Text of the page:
The pulsed UV dose at (248 nm) required to eliminate BTV from FBS, as compared to PBS, is 15 times greater. This difference is perhaps due to the optical properties of the host media (i.e. optical transparency). In PBS, the buffered saline media is an optically clear aqueous solution, whereas fetal bovine serum is a less transparent, complex colored solution which contains UV absorbent chemicals, such as proteins, which do absorb some of the 248 nm UV light energy. Nevertheless, the pulsed UV dose at 248 nm for BTV inactivation suspended in PBS or FBS is low (<3 J/cm2). With this UV energy level and because the UV photons are in resonance with the genetic material, most other molecules are spared and little if any detectable damage occurs.

Using UV photons at 308 nm produced with the same excimer laser technique, similar experiments were conducted. It was demonstrated that 308 nm UV photons were less effective to inactivate BTV as compared to the use of 248 nm UV photons. Higher UV doses were required to achieve similar inactivation levels when using the 308 nm UV photons.

When BTV was suspended in PBS, a 5.0 J/cm2 UV dose at (308 nm) resulted in a 1000-fold decrease in virus titer using the microtitration assay. When BTV was suspended in FBS, a 10.0 J/cm2 UV dose (308 nm) caused a 10-fold reduction in virus infectivity. However, complete virus inactivation was not achieved with the range of UV doses tested in this experiment (up to 10 J/cm2).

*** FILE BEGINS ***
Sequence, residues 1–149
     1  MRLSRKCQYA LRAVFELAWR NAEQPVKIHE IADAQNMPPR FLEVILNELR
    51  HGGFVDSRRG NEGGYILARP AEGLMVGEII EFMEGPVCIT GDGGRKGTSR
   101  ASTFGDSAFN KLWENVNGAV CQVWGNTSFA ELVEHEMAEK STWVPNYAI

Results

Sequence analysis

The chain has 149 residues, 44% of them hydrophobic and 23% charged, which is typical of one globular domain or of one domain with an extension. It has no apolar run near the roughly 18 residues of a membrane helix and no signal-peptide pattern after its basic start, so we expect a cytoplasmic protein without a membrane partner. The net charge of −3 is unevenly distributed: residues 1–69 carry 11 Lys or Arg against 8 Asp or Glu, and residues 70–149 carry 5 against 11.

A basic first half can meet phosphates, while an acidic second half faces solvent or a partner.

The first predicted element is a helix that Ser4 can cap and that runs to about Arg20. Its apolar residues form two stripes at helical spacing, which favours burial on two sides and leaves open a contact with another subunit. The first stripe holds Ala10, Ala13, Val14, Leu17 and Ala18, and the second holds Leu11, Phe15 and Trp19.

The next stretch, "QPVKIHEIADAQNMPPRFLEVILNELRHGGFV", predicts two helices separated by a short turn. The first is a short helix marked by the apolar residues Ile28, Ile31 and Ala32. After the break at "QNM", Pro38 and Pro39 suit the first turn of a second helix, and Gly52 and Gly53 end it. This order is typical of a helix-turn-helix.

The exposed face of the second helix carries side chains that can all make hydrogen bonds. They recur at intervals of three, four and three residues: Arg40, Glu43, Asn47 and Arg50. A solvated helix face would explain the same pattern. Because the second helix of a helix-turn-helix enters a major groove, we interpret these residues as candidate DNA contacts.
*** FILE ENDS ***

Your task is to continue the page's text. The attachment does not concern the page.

Bovine Viral Diarrhea Virus (BVDV)

The ability of laser treatment at a wavelength of 248 nm to inactivate BVDV suspended in PBS or FBS also was demonstrated. Treating with a UV dose at (248 nm) of 3 J/cm2 completely destroyed virus infectivity as shown when assayed in cell cultures. The titer for untreated controls was 104.4 TCID50/ml for BVDV suspended in PBS and FBS, as determined with the microtitration assay.

Using 308 nm UV light, a UV dose of 10.0 J/cm2 resulted in complete virus inactivation for BVDV suspended in PBS. For BVDV suspended in FBS, complete virus inactivation was achieved with an energy dose of 40 J/cm2 at 308 nm UV light.

Infectious Bovine Rhinotracheitis virus (IBRV)